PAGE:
Weíre meeting at eight, heís still writing, weíve already laid out where itís going, where itís been. I donít want to talk about it first, I wouldnít be able to give it justice. All I can say is that itís still about society. Itís not a genre film, itís not horror. More of a psychological thriller.
AT: You mentioned that a big part of your film is to wake people up, awakening and you donít like escapist films.
AB: Itís not that I donít like it; itís just not my voice.
AT: Then how do you reconcile the work that you do here? A lot of the shows might be termed escapist or just for entertainment purposes. And do you think that they contribute to the dulling of the consciousness of the Filipino. They do one thing and your film, you counter that, youíre trying to do something entirely different.
AB: Thatís a good question. Itís like this, when youíre in prison, you have a uniform you have to wear. Itís like in the films we watch, if you donít wear it, youíll be punished. Or maybe, you end up dead. But while youíre in that prison, youíre thinking, you want to do something. So you go underground. Like what Rizal did before, they formed an underground movement and wrote then they smuggled their writing. Thatís probably my answer; youíre there, and you have nowhere else to go. It wouldnít matter if I was like Mike de Leon who has the means. Itís a compromise between what I want to do and what I can take.
AT: Itís like, the slaves, they tell you to dig, be in uniform, you do it even if youíre doing something just for their service. But it contributes almost directly opposite to what youíre really trying to attempt to do.
AB: But youíre born with it.
AT: Youíre born with it and you have to do it, and youíve learned and youíve done it; now that you have, will you go back? Would you go and work on another TV show?
AB: I think so, I would. Itís been said that the revolution isnít in the mountains. The revolution is in the cities. You do your revolution here in the industry. How do I get actors? How do I get my team? How do I know how to do this and how to do that? But I have no money. Iím not born with a silver spoon [in my mouth], man.
AT: Then push your film! Push it abroad, push it through festivals. The pennies they give you abroad is gold here.
AB: What Iíve tried to perfectówell we can never reach perfection, at least try to get thereóis to hone my craft as a filmmaker. It goes hand in hand with marketing, something to do with business. One has to suffer. So right now I have spent years honing my craft, how I can sneak through, where I have to pass. Take a gun, for example, it can be good or bad, depending on how and where itís used. Letís say these shows; we know which shows these are. The least that I can do is get money from it and do something independent, do something different. Even without me, these shows are here, these shows will be there. They have been there even before we were born.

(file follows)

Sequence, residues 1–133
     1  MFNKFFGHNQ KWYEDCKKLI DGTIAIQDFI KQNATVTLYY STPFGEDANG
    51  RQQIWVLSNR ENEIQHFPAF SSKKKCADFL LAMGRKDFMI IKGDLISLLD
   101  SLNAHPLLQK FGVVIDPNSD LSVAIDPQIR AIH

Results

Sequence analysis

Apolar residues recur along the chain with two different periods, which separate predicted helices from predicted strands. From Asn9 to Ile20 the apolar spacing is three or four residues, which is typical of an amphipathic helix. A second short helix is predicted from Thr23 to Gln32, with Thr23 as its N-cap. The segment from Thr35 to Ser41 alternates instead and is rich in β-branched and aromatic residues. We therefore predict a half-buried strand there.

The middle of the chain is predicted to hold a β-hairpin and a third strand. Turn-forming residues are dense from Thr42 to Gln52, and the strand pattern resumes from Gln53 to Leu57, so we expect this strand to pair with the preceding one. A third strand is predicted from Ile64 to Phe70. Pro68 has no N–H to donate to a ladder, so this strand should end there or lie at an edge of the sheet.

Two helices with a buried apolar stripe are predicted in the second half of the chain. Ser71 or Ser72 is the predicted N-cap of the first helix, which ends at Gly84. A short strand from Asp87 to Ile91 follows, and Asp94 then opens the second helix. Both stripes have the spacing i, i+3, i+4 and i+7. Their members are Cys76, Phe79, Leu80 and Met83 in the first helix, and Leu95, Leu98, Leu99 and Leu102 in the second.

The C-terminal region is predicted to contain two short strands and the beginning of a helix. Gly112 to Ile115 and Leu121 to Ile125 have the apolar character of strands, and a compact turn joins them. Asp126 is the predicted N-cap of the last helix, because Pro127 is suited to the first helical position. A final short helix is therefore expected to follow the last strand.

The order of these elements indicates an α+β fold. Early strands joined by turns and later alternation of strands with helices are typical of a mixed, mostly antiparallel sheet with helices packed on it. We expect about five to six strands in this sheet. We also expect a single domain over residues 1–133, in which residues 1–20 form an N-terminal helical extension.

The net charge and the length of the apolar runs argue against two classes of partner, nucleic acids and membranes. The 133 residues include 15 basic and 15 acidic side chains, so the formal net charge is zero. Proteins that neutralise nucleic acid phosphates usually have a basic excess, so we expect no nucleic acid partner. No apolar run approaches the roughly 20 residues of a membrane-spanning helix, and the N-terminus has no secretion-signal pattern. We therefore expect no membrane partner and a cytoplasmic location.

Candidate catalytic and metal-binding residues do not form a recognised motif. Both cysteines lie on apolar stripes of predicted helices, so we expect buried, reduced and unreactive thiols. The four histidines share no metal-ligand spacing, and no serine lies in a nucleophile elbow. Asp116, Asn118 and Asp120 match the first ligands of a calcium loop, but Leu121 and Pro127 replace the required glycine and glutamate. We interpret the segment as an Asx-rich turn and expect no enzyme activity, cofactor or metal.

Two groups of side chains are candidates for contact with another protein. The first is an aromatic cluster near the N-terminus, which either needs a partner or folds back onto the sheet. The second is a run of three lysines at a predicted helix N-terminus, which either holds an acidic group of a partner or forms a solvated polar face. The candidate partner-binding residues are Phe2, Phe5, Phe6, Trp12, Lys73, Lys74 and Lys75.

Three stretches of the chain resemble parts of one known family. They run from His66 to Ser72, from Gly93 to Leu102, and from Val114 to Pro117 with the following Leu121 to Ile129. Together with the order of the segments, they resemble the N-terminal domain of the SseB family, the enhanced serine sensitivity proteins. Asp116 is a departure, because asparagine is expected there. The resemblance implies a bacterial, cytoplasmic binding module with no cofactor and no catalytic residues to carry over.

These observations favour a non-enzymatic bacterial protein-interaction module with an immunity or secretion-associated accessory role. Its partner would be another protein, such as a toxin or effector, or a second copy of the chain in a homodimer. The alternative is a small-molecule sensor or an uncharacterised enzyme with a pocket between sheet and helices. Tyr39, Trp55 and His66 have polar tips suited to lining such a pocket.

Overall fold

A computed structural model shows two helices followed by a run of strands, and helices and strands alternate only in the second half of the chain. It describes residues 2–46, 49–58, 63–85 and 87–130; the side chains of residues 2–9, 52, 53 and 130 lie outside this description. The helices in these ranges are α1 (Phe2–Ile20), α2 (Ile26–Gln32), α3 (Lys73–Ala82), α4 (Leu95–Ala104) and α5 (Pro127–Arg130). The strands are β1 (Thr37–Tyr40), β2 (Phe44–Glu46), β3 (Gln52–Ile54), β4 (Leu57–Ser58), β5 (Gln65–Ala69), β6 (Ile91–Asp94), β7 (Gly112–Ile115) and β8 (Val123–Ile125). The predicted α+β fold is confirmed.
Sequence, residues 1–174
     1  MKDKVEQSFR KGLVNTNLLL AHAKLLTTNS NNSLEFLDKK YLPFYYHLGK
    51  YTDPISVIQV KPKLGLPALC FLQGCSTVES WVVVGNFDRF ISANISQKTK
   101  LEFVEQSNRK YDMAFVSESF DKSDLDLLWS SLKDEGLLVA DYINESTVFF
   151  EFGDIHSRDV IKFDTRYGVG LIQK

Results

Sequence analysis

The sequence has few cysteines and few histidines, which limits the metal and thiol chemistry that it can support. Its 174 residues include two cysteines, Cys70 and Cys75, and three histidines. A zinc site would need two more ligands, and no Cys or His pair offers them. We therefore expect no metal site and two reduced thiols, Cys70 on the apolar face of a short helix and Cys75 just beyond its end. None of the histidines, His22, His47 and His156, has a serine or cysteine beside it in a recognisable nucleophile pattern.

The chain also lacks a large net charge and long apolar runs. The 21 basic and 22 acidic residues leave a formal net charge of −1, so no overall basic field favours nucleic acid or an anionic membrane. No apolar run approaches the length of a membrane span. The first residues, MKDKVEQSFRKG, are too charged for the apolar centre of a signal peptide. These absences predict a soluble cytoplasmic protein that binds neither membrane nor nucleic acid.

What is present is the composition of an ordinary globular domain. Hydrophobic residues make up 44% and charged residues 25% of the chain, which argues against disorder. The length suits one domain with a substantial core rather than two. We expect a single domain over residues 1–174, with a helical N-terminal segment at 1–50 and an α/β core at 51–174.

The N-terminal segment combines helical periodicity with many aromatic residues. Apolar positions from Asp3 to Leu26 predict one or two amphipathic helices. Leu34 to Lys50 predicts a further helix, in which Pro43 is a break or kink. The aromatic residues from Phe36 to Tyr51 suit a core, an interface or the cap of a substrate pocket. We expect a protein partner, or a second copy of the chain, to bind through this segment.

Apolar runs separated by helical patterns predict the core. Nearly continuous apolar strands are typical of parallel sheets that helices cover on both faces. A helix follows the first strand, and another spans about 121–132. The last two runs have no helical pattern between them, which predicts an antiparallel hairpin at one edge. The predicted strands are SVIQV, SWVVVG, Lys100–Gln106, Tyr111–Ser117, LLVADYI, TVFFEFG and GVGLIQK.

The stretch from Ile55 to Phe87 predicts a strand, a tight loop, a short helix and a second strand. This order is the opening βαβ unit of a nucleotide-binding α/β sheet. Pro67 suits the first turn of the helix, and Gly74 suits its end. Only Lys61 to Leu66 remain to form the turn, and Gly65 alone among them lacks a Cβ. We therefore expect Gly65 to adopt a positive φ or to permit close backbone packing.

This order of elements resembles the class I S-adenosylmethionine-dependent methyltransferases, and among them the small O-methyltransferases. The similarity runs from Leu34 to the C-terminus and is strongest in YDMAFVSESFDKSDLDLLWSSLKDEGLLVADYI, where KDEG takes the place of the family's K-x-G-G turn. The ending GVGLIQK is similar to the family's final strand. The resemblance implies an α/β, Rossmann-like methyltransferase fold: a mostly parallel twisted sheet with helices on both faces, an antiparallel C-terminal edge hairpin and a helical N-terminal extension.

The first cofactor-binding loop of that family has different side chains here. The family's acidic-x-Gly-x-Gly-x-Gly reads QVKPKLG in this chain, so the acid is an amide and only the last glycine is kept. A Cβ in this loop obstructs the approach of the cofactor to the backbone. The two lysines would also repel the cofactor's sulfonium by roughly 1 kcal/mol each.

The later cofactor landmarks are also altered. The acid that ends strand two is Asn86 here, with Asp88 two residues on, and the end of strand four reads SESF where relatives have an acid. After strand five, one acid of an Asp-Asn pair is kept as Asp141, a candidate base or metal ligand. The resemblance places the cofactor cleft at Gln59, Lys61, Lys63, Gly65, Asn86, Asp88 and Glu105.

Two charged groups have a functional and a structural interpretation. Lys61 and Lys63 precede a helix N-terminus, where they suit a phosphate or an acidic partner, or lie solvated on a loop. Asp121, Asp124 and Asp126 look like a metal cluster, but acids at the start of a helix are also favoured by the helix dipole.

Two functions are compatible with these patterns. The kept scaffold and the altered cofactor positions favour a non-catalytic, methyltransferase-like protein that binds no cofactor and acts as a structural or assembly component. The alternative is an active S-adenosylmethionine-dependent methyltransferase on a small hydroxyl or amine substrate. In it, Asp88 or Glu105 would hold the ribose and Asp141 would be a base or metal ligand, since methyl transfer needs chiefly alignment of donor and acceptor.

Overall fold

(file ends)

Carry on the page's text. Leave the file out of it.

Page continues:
AT: Thatís also like saying, these Star Cinema films are there, Iíll just do them.
AB: But thatís different. TV is different from film. When they talk about filmography, when you do your personal work or independent work and it still looks like a Star Cinema film, thereís something wrong. Iíll give one example. During my stay here in ABS, I make it a point that everything I do is done with quality. I make it with quality. I try to defend the quality, I try to defend a vision which of course is very hard, which is why Iím jobless. The music video, itís in black and white; I had an idea which the producer doesnít approve of, but I fought for it and it was shown. There are certain ways to approach Ėfor lack of a better termóan enemy. From the time I was born, there was compromise already. We live with compromise. But donít do it for those things which you can control. If you compromise in the independent [scene], in what you do personally, then thereís a problem with you. With this film man, personal film, Iím the producer; my only compromise here is that I wasnít able to do everything I wanted because I didnít have the money. Thatís it. The vision, what I wanted to say, I make it a point that itís there because I can do it, itís in my hands. I share the same vision with those people I worked with, the ones who gave money. Itís hard man, say you have money, man and give it to me to use in making a film, like they say, put your money where your mouth is. Donít put othersí money where your mouth is. The most that youíre probably capable of doing is smuggling your ideas. Itís like that. Thatís why thereís endless struggle of businessmen and artists because artists arenít born naturally good in Math.
AT: Say for example, you can eat, you have your food, your rent is paid, and then youíre getting funding for your film, you wouldnít work here?